The survival of ten million straw-colored fruit bats may hinge on your voice. They come from across equatorial Africa to rear their young in Zambia’s Kasanka National Park, which serves as critical roosting habitat each October and November. Now both the park, and adjacent forest where bats feed, are threatened by a proposal for expansion of industrial agriculture.
Bats can indeed transmit deadly diseases like rabies and Nipah to humans, though transmission is exceedingly rare and easily avoided. In the case of Ebola, bats have been too easily assumed guilty. A wide variety have been tested at outbreak locations. But, “Ebolavirus has yet to be isolated from bats, and no direct evidence links bats to Ebolavirus infection in humans.” (Spengler et al. 2016) Virologists still know “nothing about where it comes from and how it causes outbreaks.” (Kupferschmidt 2017).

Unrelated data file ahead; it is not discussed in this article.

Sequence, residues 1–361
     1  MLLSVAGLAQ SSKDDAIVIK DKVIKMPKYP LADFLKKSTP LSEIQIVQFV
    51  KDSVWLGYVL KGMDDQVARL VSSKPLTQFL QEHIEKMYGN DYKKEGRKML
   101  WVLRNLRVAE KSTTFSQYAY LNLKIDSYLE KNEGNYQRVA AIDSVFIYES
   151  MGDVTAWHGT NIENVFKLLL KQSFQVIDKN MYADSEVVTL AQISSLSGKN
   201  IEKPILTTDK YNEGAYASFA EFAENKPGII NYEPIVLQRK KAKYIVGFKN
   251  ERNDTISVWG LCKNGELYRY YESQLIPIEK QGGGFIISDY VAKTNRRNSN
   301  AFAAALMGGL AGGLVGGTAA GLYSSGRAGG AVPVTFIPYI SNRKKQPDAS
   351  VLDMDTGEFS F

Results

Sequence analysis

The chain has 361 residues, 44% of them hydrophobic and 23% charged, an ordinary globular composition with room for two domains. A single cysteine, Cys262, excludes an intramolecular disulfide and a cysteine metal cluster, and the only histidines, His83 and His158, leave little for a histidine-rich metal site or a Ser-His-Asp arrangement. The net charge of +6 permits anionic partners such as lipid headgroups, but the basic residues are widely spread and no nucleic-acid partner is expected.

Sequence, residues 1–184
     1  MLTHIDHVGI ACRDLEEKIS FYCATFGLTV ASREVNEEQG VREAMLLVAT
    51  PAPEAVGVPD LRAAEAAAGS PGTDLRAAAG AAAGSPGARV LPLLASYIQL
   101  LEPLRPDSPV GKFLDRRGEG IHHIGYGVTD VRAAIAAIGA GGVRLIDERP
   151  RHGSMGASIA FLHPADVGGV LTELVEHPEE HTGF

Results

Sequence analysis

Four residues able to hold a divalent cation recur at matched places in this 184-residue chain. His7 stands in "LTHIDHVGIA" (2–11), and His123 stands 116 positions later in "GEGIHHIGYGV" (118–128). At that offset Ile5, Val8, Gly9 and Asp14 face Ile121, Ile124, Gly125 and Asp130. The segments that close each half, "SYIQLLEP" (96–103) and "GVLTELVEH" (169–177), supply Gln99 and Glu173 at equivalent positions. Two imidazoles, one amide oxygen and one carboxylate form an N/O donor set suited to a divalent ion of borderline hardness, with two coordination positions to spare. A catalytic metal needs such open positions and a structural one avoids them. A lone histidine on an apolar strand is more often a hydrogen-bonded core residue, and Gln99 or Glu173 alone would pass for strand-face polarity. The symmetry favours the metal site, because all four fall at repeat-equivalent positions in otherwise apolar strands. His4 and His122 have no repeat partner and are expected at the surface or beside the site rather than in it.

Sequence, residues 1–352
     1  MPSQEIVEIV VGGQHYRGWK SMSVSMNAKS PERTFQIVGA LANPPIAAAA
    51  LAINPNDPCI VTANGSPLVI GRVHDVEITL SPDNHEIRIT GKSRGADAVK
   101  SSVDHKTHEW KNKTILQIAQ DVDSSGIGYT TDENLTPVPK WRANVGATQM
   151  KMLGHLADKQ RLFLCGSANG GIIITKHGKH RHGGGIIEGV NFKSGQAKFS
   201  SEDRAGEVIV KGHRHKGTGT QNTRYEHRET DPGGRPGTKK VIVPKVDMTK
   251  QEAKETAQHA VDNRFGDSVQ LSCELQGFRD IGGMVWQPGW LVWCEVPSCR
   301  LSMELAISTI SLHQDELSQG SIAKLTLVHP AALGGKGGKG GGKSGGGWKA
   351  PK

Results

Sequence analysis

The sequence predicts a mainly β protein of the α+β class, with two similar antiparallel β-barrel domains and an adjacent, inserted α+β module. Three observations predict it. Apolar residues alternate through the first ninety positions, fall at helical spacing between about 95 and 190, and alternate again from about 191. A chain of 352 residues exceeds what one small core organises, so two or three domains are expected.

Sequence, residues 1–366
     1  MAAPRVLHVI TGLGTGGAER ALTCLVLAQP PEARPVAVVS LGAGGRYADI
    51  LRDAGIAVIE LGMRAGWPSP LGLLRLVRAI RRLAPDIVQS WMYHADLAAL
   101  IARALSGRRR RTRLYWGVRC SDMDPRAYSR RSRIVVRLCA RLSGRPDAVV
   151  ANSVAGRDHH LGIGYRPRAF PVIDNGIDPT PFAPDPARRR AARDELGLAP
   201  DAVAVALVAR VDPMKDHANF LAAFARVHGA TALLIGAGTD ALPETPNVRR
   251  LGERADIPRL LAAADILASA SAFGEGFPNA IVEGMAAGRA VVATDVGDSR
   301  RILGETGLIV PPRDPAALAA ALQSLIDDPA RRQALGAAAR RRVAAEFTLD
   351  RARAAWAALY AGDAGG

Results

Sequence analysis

It’s been a few weeks since our adventures in South Africa, particularly our daytrip to Kruger National Park. To tell you the truth, I’m just calming down enough to be able to re-live the experience. Once the photography was deemed accomplished, our most generous hosts Frances and Peter Taylor suggested we take their pickup truck on the two-hour drive to the world-renowned Kruger National Park. Since this was a last-minute whim, we were unable to get reservations to spend the night in the park, so we were day visitors. But we did see many more animals than I ever imagined in one day in the park. On our way into the park via the Punda Maria gate, we went through the town of Thohoyandou, where The University of Venda is located and where the traffic police were lying in wait. I was stopped for speeding. (more…)